Hello.  This is Father Edwin Keel.  I am a Marist priest and the Promoter for Marist Laity.  This is
the ninth in our series of talks on Marist spirituality.
We have been discussing the corporate or community dimension of our faith and of salvation.
Probably when most Catholics hear the word “communion”, they think of their First Holy
Communion, or they think of receiving communion at Mass.  And that is perfectly correct.  
“Communion” simply means a close or intimate union among persons.  When we receive
communion, we enjoy a particularly intimate moment of union with Jesus.
The fact is, however, that the word “communion” was first used to describe the relationship of
baptized believers, of Christians, among themselves.  In the Acts of the Apostles, Chapter 2, verse
42, it says that those baptized after St. Peter’s preaching on the first Pentecost, “remained faithful to
the teaching of the apostles, to the communion, to the breaking of the bread, and to the prayers.”  
The word “communion” here is a translation of the Greek work koinonia which is sometimes
translated “fellowship” or “brotherhood.”  In any case, it is the word that was translated as
communio in Latin, and that in turn gave us the English word “communion”.  And while the original
Greek word koinonia was an ordinary word that meant “fellowship” or “commonness”, it became a
kind of technical term for the particular fellowship or communion that ought to prevail among those
baptized into Christ.  Chapter four of the Acts of the Apostles, without using the word, describes this
communion:  “The whole group of believers was one in mind and heart; none of them claimed for
their own use anything that they had, as everything they owned was held in common.”  As we are
shown very quickly in the next chapter of Acts, which recounts the incident of Ananias and Sapphira,
the idea of pooling all their material possessions did not last long among the early Christians.  But the
ideal of “one in mind and heart,” and at least some form of generous donation of what one has for
the common good, has perdured.  It has been the inspiration of the founders of religious orders down
through the centuries:  practically every founder has desired to recreate among his or her followers
the idyllic communion of those first believers.  As we will see in a future talk, Fr. Colin, the founder
of the Marists, wanted this communion, this being one in mind and heart, not only to characterize the
relationships among Marists, but to be the goal of our ministry in the Church.
But let us fill out the New Testament picture of communion in the Church.  The First letter of John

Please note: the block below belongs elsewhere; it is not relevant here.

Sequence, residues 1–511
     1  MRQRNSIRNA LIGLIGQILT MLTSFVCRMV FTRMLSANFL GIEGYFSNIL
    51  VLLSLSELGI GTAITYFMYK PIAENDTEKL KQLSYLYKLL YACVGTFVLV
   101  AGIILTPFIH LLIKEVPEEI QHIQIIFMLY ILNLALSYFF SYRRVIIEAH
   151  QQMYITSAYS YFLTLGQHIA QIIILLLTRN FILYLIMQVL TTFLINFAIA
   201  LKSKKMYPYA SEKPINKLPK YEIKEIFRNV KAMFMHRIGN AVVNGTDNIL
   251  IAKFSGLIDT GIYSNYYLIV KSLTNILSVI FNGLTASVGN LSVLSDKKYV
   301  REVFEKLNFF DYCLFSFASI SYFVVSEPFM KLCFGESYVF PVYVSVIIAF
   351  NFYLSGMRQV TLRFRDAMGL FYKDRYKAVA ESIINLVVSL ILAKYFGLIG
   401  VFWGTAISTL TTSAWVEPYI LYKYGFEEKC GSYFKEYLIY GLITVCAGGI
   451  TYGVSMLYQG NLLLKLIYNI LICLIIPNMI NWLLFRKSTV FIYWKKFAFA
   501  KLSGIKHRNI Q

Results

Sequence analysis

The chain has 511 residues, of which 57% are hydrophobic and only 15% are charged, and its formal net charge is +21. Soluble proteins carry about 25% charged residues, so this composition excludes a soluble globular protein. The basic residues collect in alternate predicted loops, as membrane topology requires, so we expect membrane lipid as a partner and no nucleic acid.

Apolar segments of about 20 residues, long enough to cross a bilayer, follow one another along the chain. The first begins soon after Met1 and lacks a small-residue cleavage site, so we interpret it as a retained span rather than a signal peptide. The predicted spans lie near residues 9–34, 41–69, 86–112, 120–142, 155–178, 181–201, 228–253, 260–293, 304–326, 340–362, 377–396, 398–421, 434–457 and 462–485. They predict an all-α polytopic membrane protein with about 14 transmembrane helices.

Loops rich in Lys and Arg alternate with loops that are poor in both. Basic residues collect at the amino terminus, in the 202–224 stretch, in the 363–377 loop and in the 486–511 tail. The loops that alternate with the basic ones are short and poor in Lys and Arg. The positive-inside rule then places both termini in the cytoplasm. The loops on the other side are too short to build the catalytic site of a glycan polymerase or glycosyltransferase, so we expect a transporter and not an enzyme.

begins with these profound words:
Something which has existed since the beginning, that we have heard, and we have seen with our
own eyes; that we have watched and touched with our hands: the Word, who is life—this is our
subject.  That life was made visible: we saw it and we are giving our testimony, telling you of the
eternal life which was with the Father and has been made visible to us.  What we have seen and
heard we are telling you so that you too may be in communion with us, for our communion is with
the Father and with his Son Jesus Christ.  We are writing this to you to make our own joy complete.
The writer here is telling his correspondents of the sublime experience of having been with Jesus, the
Word, during his earthly life, of having seen, heard, touched him, and having come to believe that he
is indeed the Word of Life.  And he wants to share that experience with those to whom he is writing,
so that they might be in communion with him on that deep level of knowing Jesus, the Word of Life,
through faith.  But he goes on to say that the communion he is talking about is not just among human
beings, but is our being taken up into the divine communion where we are in intimate union with the
Father and Jesus in the Spirit.  In other words, when true communion exists among Christians, they
are thereby sharing in the very communion that exists between the Father and the Son in the Holy
Spirit from all eternity!  The communion we are talking about can only exist where there is faith and
where there is a willingness, a desire, to love one another as Jesus has loved us.  Our communion
among ourselves is not a natural human reality.  It is a divine mystery, a work of God’s grace, a
sharing in the very life of God.
And note that the writer ends by saying that his very reason for writing and sharing this profound
mystery is so that his joy can be complete:  he cannot have joy by holding onto the secret, he cannot
have joy by remaining exclusively focused on his relationship with God.  He can only have complete
joy, as Jesus did, by sharing his joy with others.
Sharing the joy of communion in God and with one another.  This is Jesus’ way.  This is Mary’s
way.  This is the Marist way.

Exploring the Marist Way

Talk 9: